Almquist Sabre Roadster

Almquist Sabre Roadster

Ed Almquist, founder of Almquist Engineering, is one of the big names in the history of hot rodding. Almquist catalogs were packed with performance parts and custom accessories that could be delivered to your door if no local speed shop existed. Besides selling go-fast bits, and unknown to many hot rodders, Ed also made a line of fiberglass kit car bodies that sold pretty well when fiberglass became all the rage in the mid to late ’50s.

Almquist acquired the financially-troubled Clearfield Plastics company that made fiberglass sports car bodies to fit on Fiat Topolino or a Crosley chassis. The production manager at Clearfield  was Harry Heim, who went on to design the Almquist bodies. “Harry was a very talented mold maker,” recalls Almquist, “It was amazing how quickly he worked.” Both Ed and Harry were fans of Italian sports car design, and the early Almquist bodies definitely had a European-inspired look.

The first kit body, the “Sabre”, was a very compact sports car with an ultra-short wheelbase, deep side coves, and a bobbed nose. The front fenders raked in behind the front wheels as a styling element and to provide hot air to escape from the brakes. The back was as bobbed as the front, and the car sported grille or fender mounted headlights and no bumpers. The Sabre II was a styling update from the first body, but offered in a slightly longer wheelbase. Make no mistake, with any substantial horsepower motor, the car was still a very scary handful to drive, as buyers could outfit their Sabre kits with a variety of running gear and Almquist speed equipment. More models followed, such as the Speedster, Thunderbolt, and El Morroco.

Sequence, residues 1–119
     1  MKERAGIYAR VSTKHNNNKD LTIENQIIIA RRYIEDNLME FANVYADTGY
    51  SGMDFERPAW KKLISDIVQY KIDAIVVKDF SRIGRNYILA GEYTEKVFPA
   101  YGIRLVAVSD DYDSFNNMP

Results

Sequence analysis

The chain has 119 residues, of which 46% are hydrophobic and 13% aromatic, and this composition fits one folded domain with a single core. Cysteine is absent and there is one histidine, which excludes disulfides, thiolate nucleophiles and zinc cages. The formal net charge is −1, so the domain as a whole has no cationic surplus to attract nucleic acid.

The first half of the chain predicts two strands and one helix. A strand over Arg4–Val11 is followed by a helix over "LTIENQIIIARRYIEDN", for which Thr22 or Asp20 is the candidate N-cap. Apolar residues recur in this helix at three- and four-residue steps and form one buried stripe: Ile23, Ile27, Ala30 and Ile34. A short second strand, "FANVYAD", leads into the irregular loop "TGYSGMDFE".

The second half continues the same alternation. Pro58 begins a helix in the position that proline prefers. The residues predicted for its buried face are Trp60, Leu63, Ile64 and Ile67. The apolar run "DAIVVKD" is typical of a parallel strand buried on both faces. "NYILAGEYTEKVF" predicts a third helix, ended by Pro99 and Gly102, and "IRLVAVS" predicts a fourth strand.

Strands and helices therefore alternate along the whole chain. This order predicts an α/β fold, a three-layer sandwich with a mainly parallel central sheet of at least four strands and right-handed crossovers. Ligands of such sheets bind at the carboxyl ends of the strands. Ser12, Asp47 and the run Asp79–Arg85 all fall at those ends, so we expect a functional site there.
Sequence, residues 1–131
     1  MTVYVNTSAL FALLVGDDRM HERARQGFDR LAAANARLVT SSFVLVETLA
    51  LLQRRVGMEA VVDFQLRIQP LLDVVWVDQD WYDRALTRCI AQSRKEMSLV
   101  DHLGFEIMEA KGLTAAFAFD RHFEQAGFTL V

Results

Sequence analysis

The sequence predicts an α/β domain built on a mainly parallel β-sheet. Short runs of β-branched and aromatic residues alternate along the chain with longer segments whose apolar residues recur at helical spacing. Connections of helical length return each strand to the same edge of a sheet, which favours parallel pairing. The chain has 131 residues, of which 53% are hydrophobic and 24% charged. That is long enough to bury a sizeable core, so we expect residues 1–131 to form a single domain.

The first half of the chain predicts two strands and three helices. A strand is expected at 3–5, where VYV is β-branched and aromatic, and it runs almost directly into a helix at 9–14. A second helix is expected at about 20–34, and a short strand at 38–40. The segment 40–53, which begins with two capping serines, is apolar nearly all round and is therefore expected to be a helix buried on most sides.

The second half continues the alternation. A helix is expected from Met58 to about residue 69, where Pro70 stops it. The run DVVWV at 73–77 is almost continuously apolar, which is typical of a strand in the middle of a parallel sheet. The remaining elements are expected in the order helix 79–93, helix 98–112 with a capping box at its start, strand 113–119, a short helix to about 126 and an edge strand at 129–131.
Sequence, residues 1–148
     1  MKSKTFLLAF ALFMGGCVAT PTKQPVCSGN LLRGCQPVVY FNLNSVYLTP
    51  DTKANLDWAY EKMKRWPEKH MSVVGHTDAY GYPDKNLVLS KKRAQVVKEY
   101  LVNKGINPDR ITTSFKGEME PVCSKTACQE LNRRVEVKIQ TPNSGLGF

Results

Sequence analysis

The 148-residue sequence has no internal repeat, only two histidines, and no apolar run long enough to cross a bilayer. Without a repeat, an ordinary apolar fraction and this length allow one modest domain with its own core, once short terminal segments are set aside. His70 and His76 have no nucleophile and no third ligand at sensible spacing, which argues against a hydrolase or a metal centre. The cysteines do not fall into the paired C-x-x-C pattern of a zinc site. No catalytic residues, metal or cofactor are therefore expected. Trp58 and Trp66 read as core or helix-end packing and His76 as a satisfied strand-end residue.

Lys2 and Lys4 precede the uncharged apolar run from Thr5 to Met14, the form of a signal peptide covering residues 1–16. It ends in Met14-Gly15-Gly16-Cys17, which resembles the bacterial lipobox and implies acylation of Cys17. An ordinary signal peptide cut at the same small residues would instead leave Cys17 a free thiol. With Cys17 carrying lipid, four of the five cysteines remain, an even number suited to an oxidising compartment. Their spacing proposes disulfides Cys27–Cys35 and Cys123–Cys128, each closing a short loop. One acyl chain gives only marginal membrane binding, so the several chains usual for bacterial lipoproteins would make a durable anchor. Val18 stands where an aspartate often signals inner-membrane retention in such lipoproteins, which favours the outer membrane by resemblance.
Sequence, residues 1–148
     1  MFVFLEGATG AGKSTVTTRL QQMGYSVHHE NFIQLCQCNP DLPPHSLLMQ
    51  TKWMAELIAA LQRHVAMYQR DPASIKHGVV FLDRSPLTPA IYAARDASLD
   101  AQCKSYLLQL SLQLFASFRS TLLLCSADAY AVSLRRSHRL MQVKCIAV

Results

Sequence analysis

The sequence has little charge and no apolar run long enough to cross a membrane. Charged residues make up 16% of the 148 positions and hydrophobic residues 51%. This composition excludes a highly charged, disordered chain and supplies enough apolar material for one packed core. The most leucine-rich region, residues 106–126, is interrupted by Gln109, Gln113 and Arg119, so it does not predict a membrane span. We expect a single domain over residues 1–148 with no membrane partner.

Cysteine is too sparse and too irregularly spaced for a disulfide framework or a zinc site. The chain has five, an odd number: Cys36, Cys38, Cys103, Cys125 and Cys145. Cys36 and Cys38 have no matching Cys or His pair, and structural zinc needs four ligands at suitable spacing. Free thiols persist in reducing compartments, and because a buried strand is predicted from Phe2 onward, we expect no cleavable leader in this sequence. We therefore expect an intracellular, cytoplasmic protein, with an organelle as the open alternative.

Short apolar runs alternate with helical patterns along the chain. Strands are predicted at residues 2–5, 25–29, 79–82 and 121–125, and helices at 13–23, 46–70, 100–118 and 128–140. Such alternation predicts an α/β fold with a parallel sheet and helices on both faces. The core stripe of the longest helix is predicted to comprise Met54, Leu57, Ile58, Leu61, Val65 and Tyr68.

The Almquist bodies were high quality, reinforced with metal, and featured molded-in dash panels. Ed’s vehicles, like most glass car kits of this era, required semi-professional fabricating skills to assemble. The floors, firewall, and inner wheelwells all had to be fabbed from scratch in either sheetmetal or fiberglass cloth. The bodies were crudely attached to the frames with sheetmetal screws, stove bolts, and fiberglass matte.

Ed Almquist sold the company in 1966, and the bodies already fading in popularity and heading out of production. Besides, “The molds were starting to get worn by then,” Almquist admitted.

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